When will humans grow wings?

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 Matt Skoufalos (left), a writer, journalist and musician from New Jersey, talks with Rob Kulathinal, an evolutionary biologist and geneticist from Temple University.

Matt Skoufalos (left), a writer, journalist and musician from New Jersey, talks with Rob Kulathinal, an evolutionary biologist and geneticist from Temple University.

In this So, What Do You Do?, a writer talks to an evolutionary geneticist about allele frequencies, technological evolution and superpowers. 

When you’re living in a brain-heavy region like Philadelphia – you may find yourself standing in line at the coffee shop with a guy who is trying to 3D print organs – or maybe you are sipping cocktails with a researcher growing lettuce leaves containing vaccines –  all of which can lead to inspiring conversations.

We recreate these kinds of chats for The Pulse in our segment “So, What Do You Do?” In this series, we team up a lay person with one of the region’s many scientists, for down-to-earth conversations about heavy-duty research.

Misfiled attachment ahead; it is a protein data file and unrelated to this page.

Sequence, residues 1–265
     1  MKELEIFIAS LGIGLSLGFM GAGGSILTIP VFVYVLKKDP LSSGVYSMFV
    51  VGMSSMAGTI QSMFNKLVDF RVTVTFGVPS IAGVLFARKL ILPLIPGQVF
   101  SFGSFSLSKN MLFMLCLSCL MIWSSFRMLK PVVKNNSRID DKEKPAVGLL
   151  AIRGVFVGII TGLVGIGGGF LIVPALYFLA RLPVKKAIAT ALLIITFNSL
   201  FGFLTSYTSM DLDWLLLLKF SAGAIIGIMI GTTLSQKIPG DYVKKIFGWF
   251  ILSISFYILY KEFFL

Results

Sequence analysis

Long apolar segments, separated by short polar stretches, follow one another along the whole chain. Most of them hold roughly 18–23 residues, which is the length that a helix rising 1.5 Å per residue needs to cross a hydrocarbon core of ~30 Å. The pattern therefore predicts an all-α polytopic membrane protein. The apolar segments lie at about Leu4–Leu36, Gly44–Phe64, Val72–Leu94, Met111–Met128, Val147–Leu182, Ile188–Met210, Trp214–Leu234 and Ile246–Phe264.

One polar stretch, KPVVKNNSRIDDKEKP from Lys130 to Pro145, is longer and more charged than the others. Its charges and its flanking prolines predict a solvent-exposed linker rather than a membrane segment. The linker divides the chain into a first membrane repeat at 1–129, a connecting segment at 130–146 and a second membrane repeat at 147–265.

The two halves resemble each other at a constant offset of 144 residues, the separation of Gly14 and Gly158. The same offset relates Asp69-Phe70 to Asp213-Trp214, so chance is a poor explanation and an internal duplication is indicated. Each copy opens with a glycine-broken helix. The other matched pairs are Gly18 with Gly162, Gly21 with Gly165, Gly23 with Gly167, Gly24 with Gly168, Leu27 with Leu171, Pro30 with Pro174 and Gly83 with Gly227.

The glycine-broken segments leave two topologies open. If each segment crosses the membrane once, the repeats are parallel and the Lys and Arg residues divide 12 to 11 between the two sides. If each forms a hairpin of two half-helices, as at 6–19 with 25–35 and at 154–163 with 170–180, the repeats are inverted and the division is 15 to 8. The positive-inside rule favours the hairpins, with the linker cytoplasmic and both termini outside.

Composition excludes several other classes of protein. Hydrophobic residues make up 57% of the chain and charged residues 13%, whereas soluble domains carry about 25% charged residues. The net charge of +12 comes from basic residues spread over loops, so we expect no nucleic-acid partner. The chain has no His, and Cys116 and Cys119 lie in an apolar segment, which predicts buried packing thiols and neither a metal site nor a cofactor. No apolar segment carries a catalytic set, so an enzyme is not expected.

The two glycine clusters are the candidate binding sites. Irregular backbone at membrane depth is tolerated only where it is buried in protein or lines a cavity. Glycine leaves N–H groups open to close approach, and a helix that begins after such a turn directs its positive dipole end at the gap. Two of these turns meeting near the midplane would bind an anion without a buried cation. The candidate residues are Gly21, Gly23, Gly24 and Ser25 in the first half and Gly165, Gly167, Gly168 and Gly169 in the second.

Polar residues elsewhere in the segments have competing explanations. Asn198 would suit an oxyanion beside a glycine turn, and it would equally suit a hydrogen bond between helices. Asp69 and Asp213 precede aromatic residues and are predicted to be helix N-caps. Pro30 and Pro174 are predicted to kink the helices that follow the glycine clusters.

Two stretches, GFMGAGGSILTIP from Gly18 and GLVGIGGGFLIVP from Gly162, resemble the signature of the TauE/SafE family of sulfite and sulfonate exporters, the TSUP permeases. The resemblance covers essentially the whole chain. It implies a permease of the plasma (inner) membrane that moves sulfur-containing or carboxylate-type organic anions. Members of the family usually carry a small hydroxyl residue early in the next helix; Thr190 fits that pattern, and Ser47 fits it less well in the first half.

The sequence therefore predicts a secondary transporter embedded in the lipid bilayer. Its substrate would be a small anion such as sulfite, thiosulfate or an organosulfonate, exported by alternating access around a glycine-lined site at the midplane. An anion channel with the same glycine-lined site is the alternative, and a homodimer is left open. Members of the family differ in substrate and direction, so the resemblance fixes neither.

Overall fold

This week, Matt Skoufalos, a writer, journalist and musician from New Jersey talked with Rob Kulathinal, an evolutionary biologist and geneticist from Temple University.

“I’m interested in change at the molecular level, how species change over time,” Kulathinal told Skoufalos. “As a geneticist, I’m interested in change at the gene level.”

Skoufalos first got a quick lesson in basic genetics; he learned about the four forces of evolution, and found out what an allele frequency was. That being accomplished, he got to the things he really wanted to know about – super powers. An avid comic book reader as a kid, Skoufalos was infatuated with characters who could fly, so he wanted to know – is it possible for us humans to grow wings?

Click the link above to hear the answer to that question and much more about Kulathinal’s new research on using tools of the geneticist trade to better understand how technology evolves.

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